New Information on Neonatal Liver Failure

WS Thompson et al. Liver Transplantation 2023; 29: 118-121. Ultra-rapid whole genome sequencing: A paradigm shift in the pre-transplant evaluation of neonatal acute liver failure

In this case series, three patients had ultra-rapid whole genome sequencing (WGS). Case 1 identified PRF1 mutation consistent with familial HLH, Case 2 identified variants in FDXR implicated in a mitochondrial disorder and Case 3, found pathogenic mutations in ASL associated with agrininosuccinic aciduria.

The authors argue that ultra-rapid WGS which can provide information in as little as 12 hours and typically provides actionable results within 3 days. should be a first-line approach and would identify nearly all causative genetic reasons for neonatal acute liver failure. While GALD and viral etiologies would not be found, if there are no genetic causes, this would support the “initiation of empiric therapy.”

S Antala et al. Liver Transplantation 2023; 29: 5-14. Open Access! Neonates with acute liver failure have higher overall mortality but similar posttransplant outcomes as older infants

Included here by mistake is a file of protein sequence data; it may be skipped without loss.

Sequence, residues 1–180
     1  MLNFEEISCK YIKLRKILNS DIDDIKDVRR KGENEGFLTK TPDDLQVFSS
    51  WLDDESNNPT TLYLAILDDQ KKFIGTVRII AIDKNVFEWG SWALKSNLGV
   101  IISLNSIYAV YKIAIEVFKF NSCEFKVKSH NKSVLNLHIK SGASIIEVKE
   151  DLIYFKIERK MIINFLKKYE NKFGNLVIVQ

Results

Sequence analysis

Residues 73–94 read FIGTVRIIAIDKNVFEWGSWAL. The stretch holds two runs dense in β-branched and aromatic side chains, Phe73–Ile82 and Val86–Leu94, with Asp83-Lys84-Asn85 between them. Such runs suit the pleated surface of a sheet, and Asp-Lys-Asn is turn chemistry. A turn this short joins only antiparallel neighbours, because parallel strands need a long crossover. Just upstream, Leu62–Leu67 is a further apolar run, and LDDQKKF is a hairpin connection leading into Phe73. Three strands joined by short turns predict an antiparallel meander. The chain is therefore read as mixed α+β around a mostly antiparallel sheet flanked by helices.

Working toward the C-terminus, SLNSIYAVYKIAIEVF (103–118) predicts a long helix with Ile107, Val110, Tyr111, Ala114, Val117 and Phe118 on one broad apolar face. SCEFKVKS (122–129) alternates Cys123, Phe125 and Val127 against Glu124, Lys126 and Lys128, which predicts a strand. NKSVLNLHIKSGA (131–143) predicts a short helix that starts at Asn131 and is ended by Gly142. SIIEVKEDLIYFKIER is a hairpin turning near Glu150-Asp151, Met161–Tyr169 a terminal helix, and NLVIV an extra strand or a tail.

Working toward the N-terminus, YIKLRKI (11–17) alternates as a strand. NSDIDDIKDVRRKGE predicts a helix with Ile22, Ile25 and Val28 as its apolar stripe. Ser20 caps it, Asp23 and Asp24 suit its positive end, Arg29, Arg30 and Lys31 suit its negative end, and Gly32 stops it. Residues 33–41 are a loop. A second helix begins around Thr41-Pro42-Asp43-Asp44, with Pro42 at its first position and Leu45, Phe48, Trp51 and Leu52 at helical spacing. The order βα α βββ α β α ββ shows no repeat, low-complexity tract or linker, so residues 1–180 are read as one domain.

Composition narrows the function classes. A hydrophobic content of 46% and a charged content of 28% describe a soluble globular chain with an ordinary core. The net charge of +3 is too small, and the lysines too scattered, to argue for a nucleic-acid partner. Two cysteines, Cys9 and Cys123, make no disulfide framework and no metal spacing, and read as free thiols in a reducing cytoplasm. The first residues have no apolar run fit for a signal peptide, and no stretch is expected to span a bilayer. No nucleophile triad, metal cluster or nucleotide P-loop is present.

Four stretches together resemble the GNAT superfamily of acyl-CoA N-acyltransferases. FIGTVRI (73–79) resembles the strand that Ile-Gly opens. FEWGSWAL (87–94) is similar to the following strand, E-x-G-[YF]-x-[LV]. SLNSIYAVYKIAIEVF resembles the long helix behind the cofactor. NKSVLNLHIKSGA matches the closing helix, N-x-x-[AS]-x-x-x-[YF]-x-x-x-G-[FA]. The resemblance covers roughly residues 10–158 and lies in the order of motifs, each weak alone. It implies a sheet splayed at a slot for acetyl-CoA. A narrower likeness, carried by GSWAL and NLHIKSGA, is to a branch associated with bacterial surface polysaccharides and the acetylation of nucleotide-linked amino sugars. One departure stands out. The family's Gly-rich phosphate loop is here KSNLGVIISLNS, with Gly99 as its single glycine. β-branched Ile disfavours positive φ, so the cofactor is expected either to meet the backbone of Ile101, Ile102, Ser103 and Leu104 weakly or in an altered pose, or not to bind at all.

In this retrospective study with 1807 neonates and 890 infants (31-120 days) with ALF (identified in two large databases between 2004-2018), the key findings:

  • Neonates had higher death rates (46% alive without liver transplant, compared to 53% of infants who were alive without liver transplant)
  • Both groups had low liver transplant rates, with neonates less likely to be transplanted: 2% vs 6.4% (P<0.001)
  • Infants had higher rates of “unidentified” as etiology whereas neonates had higher rates of GALD and viral infections. Cardiac etiologies causing ALF were common in both groups, 24% of neonates and 18% of infants.

My take: Rapid genomic testing is very useful in infants/neonates with ALF. This population has a high mortality rate and a low rate of receiving liver transplants. Reducing the size for split liver donation could help with organ availability (see next post).

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